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Technology stocks took a beating over the past two years, but their long-term plummet may have saved them from falling even harder than the overall market in the last few weeks.
The tech sector fell harder, faster, and earlier than other markets in 2001 and saw a slight rebound after Sept. 11 when the rest of the markets began to decline, says Jakob Holm, a portfolio manager with asset financial manager Bay Isle Financial. Because they took early hits, tech stocks didn't nose-dive in the past few weeks as much as stocks in the Standard & Poor's 500 did. Instead, they continued a more gradual decline. "Most people who don't want to have technology stocks sold them already," Holm says.
Going back to January, the InformationWeek 100 tech-stock index has been on a much steeper decline than in the past few weeks, plunging 47%, compared with the S&P's 29% falloff. The tech-laden Nasdaq dropped 25% since Sept. 11 while Dow Jones industrials fell 20%. A rebound isn't likely in the near future, because tech stocks are still relatively expensive, Holm says. "Earnings continue to be poor, and there's not a lot of good news."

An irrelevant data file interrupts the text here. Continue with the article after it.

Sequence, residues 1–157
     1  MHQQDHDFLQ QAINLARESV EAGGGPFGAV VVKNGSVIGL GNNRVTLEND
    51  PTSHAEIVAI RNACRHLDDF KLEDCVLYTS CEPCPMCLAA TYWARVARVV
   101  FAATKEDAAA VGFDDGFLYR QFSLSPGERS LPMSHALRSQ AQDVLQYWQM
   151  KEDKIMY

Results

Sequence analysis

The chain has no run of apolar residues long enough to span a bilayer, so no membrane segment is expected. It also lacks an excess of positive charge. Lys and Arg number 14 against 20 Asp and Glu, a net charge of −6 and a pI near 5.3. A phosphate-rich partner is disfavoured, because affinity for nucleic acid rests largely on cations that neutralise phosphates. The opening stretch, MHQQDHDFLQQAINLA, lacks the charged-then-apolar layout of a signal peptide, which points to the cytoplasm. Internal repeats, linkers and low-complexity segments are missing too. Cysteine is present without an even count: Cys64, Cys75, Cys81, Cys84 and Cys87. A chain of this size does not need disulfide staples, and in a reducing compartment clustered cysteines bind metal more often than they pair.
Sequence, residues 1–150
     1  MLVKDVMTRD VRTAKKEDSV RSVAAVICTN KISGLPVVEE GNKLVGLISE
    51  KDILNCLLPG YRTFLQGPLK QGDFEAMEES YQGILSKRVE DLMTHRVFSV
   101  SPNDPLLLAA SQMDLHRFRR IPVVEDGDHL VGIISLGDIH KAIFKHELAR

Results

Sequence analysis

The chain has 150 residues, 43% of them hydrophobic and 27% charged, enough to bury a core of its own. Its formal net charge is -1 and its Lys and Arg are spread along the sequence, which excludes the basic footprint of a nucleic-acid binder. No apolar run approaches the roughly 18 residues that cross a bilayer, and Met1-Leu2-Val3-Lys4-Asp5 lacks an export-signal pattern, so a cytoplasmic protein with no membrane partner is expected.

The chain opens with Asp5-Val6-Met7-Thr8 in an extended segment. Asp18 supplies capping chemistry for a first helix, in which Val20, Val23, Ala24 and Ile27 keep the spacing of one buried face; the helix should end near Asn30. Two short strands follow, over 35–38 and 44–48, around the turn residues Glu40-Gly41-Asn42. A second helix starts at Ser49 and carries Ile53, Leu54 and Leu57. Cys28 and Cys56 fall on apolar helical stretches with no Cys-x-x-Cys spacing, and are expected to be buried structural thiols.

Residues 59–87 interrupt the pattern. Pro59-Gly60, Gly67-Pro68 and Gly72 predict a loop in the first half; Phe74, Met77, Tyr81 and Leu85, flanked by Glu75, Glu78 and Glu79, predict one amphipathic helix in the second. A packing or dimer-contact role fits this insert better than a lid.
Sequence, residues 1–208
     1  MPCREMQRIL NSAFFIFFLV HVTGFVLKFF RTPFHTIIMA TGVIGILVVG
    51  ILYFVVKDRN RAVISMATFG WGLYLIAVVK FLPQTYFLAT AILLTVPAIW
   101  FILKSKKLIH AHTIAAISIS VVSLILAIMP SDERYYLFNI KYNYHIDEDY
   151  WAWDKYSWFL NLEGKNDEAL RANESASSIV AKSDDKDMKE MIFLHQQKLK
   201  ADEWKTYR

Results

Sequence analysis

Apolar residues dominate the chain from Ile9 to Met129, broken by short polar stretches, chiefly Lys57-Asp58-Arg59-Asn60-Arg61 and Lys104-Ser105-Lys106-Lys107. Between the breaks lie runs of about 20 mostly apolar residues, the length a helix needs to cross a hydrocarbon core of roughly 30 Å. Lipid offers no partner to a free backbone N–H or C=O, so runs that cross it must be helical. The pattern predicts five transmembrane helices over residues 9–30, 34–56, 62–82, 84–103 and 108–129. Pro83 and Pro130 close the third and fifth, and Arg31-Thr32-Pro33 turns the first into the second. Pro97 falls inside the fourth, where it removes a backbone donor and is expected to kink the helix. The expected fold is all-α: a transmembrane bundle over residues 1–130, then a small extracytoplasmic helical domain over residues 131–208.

But Clare Zempel, chief investment strategist and chief economist at stock broker Robert W. Baird & Co., sees tech vendors outperforming others as the economy rebounds. When companies begin to pump profits back into their businesses, they'll increase capital spending, especially for equipment, Zempel says. Equipment equates to IT at many companies.
Not all companies will rebound at the same pace. Vendors with broad offerings will outperform those with limited wares, IT economist Bruce Kratofil says. A look at the InformationWeek 100 this year reveals that the stocks of multiproduct vendors--though down considerably--outperformed those with limited product lines. Share prices of enterprise computer system and infrastructure app vendors declined 36%, on average, whereas E-business software vendors plunged 64%, and client-server and workgroup software providers plummeted 55%.